The most effective way to target in golf is to target along the ground. Michael Powers of Northbound Golf shows you how to accomplish this through targeting at the same angle you view the ball from.
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The Wedge Guy: 5 indisputable rules of bunker play
Let’s try to cover the basics of sand play – the “geometry and physics” at work in the bunkers – and see if we can make all of this more clear.
First of all, I think bunkers are among the toughest of places to find your ball. We see the tour players hit these spectacular bunker shots every week, but realize that they are playing courses where the bunkers are maintained to PGA standards, so they are pretty much the same every hole and every week. This helps the players to produce the “product” the tour is trying to deliver – excitement. Of course, those guys also practice bunker play every day.
All of us, on the other hand, play courses where the bunkers are different from one another. This one is a little firmer, that one a little softer. So, let me see if I can shed a little light on the “whys and wherefores” of bunker play. I’ve always challenged the old adage, “bunker shots are easy; you don’t even have to hit the ball.” I challenge that because bunker shots are the ONLY ones where you don’t actually try to hit the ball, so that makes them lie outside your norm.
Let’s start with a look at the sand wedge; they all have a sole with a downward/backward angle built into it – we call that bounce. It’s sole (no pun intended) function is to provide a measure of “rejection” force or lift when the club makes contact with the sand. The more bounce that is built into the sole of the wedge, the more this rejection force will affect the shot. And when we open the face of the wedge, we increase the effective bounce so that this force is increased as well.
The most basic thing you have to assess when you step into a bunker is the firmness of the sand. It stands to reason that the firmer the texture, the more it will reject the digging effect of the wedge. That “rejection quotient” also determines the most desirable swing path for the shot at hand. Firmer sand will reject the club more, so you can hit the shot with a slightly more descending clubhead path. Conversely, softer or fluffier sand will provide less rejection force, so you need to hit the shot with a shallower clubhead path so that you don’t dig a trench.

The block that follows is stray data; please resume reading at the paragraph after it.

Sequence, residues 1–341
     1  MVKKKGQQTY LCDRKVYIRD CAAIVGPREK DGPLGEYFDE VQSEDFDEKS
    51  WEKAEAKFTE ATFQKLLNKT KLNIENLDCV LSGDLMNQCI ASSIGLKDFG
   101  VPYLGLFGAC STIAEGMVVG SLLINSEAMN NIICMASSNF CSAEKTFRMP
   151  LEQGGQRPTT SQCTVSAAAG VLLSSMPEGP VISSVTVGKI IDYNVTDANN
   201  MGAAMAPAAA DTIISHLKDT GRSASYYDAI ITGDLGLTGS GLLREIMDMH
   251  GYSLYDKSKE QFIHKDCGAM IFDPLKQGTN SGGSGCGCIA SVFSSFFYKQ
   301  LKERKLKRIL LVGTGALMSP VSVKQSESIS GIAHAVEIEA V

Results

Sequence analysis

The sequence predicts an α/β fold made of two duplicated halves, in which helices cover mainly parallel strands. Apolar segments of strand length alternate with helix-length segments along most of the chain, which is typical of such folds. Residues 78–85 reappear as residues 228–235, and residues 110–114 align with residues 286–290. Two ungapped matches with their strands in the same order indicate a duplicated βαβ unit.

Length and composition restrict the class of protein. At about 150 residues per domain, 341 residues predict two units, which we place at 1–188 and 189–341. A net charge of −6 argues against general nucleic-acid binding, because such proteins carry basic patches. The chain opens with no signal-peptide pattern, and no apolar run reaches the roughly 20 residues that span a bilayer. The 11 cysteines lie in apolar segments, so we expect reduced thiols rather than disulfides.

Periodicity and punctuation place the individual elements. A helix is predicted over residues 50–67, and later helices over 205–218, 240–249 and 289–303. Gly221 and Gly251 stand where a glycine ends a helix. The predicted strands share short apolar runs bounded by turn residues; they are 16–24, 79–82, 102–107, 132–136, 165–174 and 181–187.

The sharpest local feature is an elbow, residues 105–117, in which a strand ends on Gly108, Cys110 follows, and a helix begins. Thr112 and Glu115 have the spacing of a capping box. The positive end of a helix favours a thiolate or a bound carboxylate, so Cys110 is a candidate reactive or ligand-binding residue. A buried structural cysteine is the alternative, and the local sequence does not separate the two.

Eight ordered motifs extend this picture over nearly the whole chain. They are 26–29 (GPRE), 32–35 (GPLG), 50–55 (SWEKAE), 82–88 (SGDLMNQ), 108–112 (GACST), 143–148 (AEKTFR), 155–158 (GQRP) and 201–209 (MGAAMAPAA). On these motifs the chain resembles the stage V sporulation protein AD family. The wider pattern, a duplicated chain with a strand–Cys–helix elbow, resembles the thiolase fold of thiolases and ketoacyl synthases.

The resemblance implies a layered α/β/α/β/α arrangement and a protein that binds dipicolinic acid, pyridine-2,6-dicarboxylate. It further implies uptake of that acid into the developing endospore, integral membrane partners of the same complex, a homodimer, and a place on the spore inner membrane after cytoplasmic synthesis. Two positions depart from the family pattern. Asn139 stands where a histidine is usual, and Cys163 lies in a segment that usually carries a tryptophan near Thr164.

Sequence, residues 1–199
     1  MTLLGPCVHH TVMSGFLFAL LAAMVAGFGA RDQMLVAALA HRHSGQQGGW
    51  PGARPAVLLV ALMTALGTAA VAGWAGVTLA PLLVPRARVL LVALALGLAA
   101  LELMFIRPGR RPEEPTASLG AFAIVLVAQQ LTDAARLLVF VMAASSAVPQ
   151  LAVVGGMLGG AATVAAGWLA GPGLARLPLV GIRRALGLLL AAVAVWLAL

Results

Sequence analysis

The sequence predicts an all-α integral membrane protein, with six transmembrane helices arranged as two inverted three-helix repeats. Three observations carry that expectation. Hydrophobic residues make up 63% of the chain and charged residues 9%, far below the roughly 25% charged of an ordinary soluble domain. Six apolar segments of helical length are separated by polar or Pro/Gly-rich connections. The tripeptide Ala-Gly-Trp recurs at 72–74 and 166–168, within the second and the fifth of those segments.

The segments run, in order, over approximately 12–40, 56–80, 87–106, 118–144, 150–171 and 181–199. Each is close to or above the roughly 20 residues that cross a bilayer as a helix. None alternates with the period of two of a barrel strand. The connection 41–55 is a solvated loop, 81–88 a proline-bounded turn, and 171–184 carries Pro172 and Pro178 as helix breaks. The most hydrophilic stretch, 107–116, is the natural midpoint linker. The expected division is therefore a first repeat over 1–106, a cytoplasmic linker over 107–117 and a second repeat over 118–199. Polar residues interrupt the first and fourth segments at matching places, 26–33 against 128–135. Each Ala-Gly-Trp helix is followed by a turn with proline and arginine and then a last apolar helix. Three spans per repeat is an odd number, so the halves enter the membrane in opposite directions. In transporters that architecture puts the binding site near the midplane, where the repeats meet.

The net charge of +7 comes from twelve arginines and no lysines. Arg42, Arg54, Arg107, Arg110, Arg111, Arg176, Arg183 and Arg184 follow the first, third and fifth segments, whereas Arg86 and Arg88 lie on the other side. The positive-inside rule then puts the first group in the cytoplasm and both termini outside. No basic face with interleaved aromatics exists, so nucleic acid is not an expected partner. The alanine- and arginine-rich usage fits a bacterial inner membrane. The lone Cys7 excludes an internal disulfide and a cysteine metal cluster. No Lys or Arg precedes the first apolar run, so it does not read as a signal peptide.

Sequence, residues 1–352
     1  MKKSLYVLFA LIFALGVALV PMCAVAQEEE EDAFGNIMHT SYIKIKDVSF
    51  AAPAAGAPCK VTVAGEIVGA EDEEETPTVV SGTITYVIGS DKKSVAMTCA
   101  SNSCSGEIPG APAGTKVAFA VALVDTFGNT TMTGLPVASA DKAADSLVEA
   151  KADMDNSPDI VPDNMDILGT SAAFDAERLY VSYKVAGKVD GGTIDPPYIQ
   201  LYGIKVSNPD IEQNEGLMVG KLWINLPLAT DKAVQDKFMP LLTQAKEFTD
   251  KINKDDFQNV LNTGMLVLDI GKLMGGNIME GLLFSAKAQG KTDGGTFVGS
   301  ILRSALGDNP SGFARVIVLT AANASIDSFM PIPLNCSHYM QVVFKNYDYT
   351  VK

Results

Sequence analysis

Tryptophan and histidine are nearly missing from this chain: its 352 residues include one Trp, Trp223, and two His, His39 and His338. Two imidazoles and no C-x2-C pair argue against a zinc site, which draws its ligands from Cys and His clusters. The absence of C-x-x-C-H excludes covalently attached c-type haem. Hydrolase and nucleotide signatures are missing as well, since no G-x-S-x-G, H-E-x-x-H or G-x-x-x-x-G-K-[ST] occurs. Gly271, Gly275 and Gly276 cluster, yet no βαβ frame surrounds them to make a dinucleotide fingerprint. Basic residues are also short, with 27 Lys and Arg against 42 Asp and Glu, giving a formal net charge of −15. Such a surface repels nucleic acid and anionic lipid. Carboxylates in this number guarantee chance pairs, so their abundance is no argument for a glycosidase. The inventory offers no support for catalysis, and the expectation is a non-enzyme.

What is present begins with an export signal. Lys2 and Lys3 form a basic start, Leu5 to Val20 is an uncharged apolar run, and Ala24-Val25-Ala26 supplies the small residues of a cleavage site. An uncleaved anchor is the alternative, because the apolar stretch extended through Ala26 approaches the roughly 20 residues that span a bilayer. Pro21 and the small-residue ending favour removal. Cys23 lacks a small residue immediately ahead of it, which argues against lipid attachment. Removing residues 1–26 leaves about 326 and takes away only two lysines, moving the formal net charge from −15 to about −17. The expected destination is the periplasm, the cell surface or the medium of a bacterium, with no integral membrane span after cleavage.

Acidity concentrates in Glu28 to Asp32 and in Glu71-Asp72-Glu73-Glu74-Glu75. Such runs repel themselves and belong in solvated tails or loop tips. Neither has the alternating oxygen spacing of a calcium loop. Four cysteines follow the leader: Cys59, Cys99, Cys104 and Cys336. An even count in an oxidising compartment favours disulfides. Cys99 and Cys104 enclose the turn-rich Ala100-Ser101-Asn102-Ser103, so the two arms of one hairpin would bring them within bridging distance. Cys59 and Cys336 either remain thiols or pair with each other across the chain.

So, with these basic principles at work, it makes sense to remember these “Five Indisputable Rules of Bunker Play”:
- Firmer sand will provide more rejection force – open the club less and play the ball back a little to steepen the bottom of the clubhead path.
- Softer sand will provide less rejection force – open the club more and play the ball slighter further forward in your stance to create a flatter clubhead path through the impact zone.
- The ball will come out on a path roughly halfway between the alignment of your body and the direction the face is pointing – the more you open the face, the further left your body should be aligned.
- On downslope or upslope lies, try to set your body at right angles to the lie, so that your swing path can be as close to parallel with the ground as possible, so this geometry can still work. Remember that downhill slopes reduce the loft of the club and uphill slopes increase the loft.
- Most recreational golfers are going to hit better shots from the rough than the bunkers, so play away from them when possible (unless bunker play is your strength).
So, there you go – the five undisputable rules of bunker play.
As always, I invite all of you to send in your questions to be considered for a future article. It can be about anything related to golf equipment or playing the game – just send it in. I need your input to keep writing about things you want to know.
The Wedge Guy: Making the short ones